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NCCIH Clinical Digest

for health professionals

Type 2 Diabetes and Dietary Supplements: What the Science Says

July 2017

Clinical Guidelines, Scientific Literature, Info for Patients: 
Type 2 Diabetes and Dietary Supplements

diabetes diabetic

Overall, there is not enough scientific evidence to show that any dietary supplement can help manage or prevent type 2 diabetes. It is important to note that there are multiple case reports linking dietary supplement use to kidney disease, which is of particular concern because diabetes is the leading cause of chronic kidney disease and kidney failure in the United States. Supplement use should be monitored closely in patients who have or are at risk for kidney disease.

Alpha-Lipoic Acid

Two clinical trials involving approximately 570 participants found that alpha-lipoic acid supplements did not prevent or improve conditions related to diabetes.

Chromium

Clinical trials have found few or no benefits of chromium supplements for controlling type 2 diabetes or reducing the risk of developing it.

Cinnamon

Data from clinical trials have shown no clear benefits and some risks of cinnamon for people with diabetes.

Magnesium

Clinical trial results on efficacy of magnesium supplementation for type 2 diabetes is limited; some benefits have been found in several, but not all studies.

Omega-3 Fatty Acids

Omega-3 fatty acid supplementation has not been shown to improve blood glucose levels in people with diabetes.

References

  • Allen RW, Schwartzman E, Baker WL, et al. Cinnamon use in type 2 diabetes: an updated systematic review and meta-analysis. Ann Fam Med. 2013;11(5):452-459.
  • Barbagallo M, Dominquez LJ. Magnesium and type 2 diabetes. World J Diabetes. 2015;6(10:1152-1157.
  • De Oliveira AM, Rondó PH, Luzia LA, et al. The effects of lipoic acid and α-tocopherol supplementation on the lipid profile and insulin sensitivity of patients with type 2 diabetes mellitus: a randomized, double-blind, placebo-controlled trial. Diabetes Res Clin Pract. 2011;92(2):253-260.
  • Dong JY, Xun P, He K, et al. Magnesium intake and risk of type 2 diabetes: meta-analysis of prospective cohort studies. Diabetes Care. 2011;34(9):2116-2122.
  • Haritoglou C, Gerss J, Hammes HP, et al. Alpha-lipoic acid for the prevention of diabetic macular edema. Ophthalmologica. 2011;226(3):127-137.
  • Hartweg J, Perera R, Dinneen S, et al. Omega-3 polyunsaturated fatty acids (PUFA) for type 2 diabetes mellitus. Cochrane Database Syst Rev. 2008;1:CD003205.
  • Leach MJ, Kumar S. Cinnamon for diabetes mellitus. Cochrane Database Syst Rev. 2012;9:CD007170.
  • Liu Y, Cotillard A, Vatier C, et al. A Dietary Supplement Containing Cinnamon, Chromium and Carnosine Decreases Fasting Plasma Glucose and Increases Lean Mass in Overweight or Obese Pre-Diabetic Subjects: A Randomized, Placebo-Controlled Trial. PLoS One. 2015;10(9):e0138646.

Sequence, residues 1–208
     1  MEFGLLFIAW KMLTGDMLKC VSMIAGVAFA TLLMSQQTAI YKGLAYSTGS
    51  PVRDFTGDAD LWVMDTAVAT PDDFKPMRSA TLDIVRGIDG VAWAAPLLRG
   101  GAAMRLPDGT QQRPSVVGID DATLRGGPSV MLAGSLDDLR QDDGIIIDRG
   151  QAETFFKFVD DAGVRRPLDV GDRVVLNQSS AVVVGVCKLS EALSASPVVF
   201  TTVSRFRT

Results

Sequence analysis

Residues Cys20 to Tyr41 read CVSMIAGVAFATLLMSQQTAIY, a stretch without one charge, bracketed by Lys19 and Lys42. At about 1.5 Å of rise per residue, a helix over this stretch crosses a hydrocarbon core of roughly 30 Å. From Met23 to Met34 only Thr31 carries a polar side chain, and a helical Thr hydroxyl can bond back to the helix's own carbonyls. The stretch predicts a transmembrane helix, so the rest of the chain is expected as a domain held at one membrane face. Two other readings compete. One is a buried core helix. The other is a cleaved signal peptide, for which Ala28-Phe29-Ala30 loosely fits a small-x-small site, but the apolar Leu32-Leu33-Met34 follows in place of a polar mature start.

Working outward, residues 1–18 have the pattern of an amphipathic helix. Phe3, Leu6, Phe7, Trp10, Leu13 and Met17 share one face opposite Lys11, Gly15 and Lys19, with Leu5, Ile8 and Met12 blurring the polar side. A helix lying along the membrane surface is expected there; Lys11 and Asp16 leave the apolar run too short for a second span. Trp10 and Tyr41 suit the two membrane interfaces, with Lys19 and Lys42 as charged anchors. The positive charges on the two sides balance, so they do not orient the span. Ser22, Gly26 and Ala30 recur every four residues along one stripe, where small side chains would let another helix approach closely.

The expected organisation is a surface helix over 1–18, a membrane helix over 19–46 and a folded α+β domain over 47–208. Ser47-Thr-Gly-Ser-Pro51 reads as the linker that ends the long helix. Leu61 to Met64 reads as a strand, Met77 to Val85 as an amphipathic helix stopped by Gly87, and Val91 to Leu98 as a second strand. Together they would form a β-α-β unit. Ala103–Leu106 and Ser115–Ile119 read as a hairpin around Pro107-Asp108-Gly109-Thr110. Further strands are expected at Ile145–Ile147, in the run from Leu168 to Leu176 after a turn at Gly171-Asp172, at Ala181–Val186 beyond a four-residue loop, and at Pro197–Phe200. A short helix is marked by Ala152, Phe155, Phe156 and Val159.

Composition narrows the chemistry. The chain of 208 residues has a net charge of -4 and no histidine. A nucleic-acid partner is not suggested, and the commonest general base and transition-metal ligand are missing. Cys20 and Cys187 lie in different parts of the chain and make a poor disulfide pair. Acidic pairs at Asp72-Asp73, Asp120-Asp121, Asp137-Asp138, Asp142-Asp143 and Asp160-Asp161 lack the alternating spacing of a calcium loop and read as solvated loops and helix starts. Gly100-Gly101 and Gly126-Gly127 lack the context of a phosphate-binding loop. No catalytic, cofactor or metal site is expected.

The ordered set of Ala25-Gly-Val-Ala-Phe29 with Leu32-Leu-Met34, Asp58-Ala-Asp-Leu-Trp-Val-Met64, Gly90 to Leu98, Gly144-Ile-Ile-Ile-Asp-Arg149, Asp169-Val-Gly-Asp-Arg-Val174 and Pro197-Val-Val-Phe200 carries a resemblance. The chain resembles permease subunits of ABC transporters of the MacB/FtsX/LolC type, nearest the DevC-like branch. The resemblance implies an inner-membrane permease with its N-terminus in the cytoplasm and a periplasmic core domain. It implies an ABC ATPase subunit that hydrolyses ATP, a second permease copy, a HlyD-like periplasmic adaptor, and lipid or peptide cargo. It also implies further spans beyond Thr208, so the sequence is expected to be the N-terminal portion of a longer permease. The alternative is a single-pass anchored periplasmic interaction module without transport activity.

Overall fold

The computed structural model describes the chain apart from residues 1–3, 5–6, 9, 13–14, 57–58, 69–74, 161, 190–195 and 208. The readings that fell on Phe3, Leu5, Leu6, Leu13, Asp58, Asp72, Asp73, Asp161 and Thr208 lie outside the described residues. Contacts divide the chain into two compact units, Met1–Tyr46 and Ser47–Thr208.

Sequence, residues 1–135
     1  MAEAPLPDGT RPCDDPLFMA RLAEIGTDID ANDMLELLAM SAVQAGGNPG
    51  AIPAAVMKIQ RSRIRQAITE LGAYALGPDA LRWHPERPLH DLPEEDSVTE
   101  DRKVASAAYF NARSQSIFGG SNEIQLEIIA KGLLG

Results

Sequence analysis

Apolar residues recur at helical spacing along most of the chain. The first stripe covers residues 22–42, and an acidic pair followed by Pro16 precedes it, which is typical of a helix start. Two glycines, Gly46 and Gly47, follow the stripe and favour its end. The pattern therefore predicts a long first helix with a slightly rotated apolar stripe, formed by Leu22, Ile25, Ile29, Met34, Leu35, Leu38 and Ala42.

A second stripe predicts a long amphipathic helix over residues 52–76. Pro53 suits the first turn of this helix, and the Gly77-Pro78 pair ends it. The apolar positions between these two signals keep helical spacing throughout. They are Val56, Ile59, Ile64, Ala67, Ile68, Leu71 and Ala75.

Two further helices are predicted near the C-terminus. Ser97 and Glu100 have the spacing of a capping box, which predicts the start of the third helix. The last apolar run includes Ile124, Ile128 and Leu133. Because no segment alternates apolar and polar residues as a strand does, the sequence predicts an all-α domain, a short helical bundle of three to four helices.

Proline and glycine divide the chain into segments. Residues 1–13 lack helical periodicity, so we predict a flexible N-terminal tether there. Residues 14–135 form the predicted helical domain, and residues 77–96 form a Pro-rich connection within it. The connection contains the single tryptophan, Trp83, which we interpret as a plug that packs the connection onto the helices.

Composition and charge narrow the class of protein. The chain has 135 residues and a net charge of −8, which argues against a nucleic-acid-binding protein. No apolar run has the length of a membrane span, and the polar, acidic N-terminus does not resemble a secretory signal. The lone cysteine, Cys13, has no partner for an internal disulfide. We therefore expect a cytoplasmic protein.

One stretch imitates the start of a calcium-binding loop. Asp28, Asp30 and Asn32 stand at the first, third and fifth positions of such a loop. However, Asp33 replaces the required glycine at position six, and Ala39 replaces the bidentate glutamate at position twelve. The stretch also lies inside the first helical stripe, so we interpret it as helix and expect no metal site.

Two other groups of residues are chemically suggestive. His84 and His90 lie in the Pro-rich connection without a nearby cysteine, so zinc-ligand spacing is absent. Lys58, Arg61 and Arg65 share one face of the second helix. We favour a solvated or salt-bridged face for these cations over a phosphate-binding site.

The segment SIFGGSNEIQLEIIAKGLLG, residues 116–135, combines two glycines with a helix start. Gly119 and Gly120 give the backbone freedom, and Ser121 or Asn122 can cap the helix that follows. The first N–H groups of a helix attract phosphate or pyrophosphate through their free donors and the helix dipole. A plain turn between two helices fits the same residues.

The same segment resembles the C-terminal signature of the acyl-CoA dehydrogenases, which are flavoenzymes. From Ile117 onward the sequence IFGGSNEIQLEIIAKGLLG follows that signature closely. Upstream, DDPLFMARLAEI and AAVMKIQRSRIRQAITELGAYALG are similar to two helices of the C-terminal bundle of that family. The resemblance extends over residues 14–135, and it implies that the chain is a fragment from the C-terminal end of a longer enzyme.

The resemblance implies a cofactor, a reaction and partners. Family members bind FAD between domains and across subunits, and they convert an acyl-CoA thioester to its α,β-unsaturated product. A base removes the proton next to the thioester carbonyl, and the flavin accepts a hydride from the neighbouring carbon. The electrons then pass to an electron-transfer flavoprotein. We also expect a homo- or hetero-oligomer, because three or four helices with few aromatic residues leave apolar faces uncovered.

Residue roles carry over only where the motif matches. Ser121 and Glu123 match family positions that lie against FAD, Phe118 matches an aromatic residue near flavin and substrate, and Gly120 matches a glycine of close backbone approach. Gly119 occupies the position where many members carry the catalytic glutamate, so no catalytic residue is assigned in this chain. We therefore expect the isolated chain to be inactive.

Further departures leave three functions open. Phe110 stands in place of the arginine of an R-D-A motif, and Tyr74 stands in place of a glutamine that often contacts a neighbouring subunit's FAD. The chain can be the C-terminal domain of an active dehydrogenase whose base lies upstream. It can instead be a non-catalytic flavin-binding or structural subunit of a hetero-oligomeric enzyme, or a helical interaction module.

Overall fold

• Siscovick DS, Barringer TA, Fretts AM, et al. Omega-3 Polyunsaturated Fatty Acid (Fish Oil) Supplementation and the Prevention of Clinical Cardiovascular Disease: A Science Advisory From the American Heart Association. Circulation. 2017;135(15):e867-e884.
  • Suksomboon N, Poolsup N, Yuwanakorn A. Systematic review and meta-analysis of the efficacy and safety of chromium supplementation in diabetes. J Clin Pharm Ther. 2014;39(3):292-306.
  • Wu JH, Micha R, Imamura F, et al. Omega-3 fatty acids and incident type 2 diabetes: a systematic review and meta-analysis. Br J Nutr. 2012;107:S214-S227.
  • Yin RV, Phung OJ. Effect of chromium supplementation on glycated hemoglobin and fasting plasma glucose in patients with diabetes mellitus. Nutr J. 2015;14:14.

NCCIH Clinical Digest is a service of the National Center for Complementary and Integrative Health, NIH, DHHS. NCCIH Clinical Digest, a monthly e-newsletter, offers evidence-based information on complementary health approaches, including scientific literature searches, summaries of NCCIH-funded research, fact sheets for patients, and more.

The National Center for Complementary and Integrative Health is dedicated to exploring complementary health products and practices in the context of rigorous science, training complementary health researchers, and disseminating authoritative information to the public and professionals. For additional information, call NCCIH’s Clearinghouse toll-free at 1-888-644-6226, or visit the NCCIH Web site at nccih.nih.gov. NCCIH is 1 of 27 institutes and centers at the National Institutes of Health, the Federal focal point for medical research in the United States.

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